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Ben Jones
Ben Jones, UK Lawyer
Category: Law
Satisfied Customers: 49826
Experience:  Qualified Solicitor - Please start your question with 'For Ben Jones'
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where I work,a deputy manager lied about my name.she told the

Customer Question

where I work,a deputy manager lied about my name.she told the manager that one of my workmates told her she doesn't want to work with me,cos I cause her work mate denies to have said that.and she turned to say ,it could be a miscommunication when the manager had spoken to my workmate and denied.She didn't go back to my workmate to clarify really meant she wanted to create problem for me.what is your advice in this?

Submitted: 4 years ago.
Category: Law
Expert:  Ben Jones replied 4 years ago.

Ben Jones :

Hello, my name is Ben and it is my pleasure to assist you with your question today.Can you please tell me how long have you have you been with your employer

JACUSTOMER-7b6w1p2w- :

will be 4 years in may

Ben Jones :

ok thank you, please leave it with me. I am in a tribunal today so will prepare my advice during the day and get back to you this afternoon. There is no need to wait and you will receive an email when I have responded. Thank you

JACUSTOMER-7b6w1p2w- :


Ben Jones :

Many thanks for your patience. First of all I must make t clear that you cannot just get compensation for this incident. The law will not just compensate you for your name being mentioned in this case and something incorrect being attributed to it – such claims do not exist. So you need to forget about compensation now and deal with it in the usual way that such workplace issues are dealt with and the following steps are recommended:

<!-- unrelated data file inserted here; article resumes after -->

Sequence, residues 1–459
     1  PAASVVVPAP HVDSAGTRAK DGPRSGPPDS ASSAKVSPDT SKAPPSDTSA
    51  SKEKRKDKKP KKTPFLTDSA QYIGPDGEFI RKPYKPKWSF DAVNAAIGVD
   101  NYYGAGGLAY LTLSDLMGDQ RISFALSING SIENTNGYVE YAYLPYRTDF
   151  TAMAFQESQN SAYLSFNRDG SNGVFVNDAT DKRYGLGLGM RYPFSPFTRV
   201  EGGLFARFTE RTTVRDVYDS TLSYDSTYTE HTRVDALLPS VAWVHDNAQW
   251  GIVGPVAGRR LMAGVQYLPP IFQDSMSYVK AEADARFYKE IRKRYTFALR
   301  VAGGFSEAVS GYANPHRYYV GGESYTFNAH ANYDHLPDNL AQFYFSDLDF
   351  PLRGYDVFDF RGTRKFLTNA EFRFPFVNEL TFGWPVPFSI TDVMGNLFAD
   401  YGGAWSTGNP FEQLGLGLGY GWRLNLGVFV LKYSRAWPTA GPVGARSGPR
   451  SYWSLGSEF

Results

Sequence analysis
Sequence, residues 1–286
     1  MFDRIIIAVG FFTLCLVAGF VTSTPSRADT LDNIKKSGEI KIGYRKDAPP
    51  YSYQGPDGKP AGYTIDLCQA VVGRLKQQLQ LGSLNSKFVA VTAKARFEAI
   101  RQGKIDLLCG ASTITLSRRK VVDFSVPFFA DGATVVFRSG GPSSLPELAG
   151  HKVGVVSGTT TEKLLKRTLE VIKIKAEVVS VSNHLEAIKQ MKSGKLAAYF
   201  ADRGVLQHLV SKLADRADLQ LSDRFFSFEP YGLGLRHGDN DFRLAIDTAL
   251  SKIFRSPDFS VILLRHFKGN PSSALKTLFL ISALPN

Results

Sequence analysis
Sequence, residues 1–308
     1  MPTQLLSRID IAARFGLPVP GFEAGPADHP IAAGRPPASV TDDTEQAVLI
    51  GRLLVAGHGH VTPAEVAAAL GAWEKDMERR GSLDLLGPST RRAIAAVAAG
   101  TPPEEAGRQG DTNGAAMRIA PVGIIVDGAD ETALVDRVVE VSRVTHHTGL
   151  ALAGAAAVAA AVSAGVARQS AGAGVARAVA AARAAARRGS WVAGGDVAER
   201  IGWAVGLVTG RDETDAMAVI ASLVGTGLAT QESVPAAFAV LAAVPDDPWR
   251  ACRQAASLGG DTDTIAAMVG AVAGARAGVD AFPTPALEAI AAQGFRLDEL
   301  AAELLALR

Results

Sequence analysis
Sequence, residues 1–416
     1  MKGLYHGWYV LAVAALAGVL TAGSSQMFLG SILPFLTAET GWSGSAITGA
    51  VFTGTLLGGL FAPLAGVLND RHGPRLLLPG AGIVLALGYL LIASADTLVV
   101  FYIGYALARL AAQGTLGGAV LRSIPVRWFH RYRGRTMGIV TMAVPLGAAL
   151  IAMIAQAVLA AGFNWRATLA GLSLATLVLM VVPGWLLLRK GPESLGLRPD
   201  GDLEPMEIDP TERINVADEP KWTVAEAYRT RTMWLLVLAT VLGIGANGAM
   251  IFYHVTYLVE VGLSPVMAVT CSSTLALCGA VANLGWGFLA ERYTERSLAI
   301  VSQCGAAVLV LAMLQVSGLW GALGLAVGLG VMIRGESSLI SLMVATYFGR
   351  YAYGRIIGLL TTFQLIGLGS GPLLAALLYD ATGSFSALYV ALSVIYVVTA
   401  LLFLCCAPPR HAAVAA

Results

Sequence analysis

1. First of all, and if appropriate, you should try and resolve the issue informally with the person responsible for the acts you are complaining of.
  2. If the above does not work or is not a viable option, you should consider raising a formal grievance with the employer by following the company's grievance policy. This formally brings the issue to the attention of the employer and they will have a duty to investigate and deal with it.
  3. If, following a grievance, the employer fails to take any action or the action they take is inappropriate, the employee would need to seriously consider their next steps. Unfortunately, employment law does not allow employees to make a direct claim about such incidents. As such, the most common way of claiming is by resigning first and then submitting a claim for constructive dismissal in an employment tribunal (subject to having at least 2 years' continuous service with the employer). The reason for resigning would be to claim that by failing to act appropriately, the employer has breached the implied terms of mutual trust and confidence and failed to provide a safe working environment and that there was no other option but to resign. However, this step should only be used as a last resort as it can be risky, after all it will result in the employment being terminated.

So these are your legal options so consider them carefully before you decide on how to act.

Ben Jones :

Hello, I see you have accessed and read my answer to your query. Please let me know if this has answered your original question or if you need me to clarify anything else for you in relation to this?

Expert:  Ben Jones replied 3 years ago.
Hello Ntombi, please let me know if I have answered your original question or if you need me to clarify anything else for you in relation to this? Thank you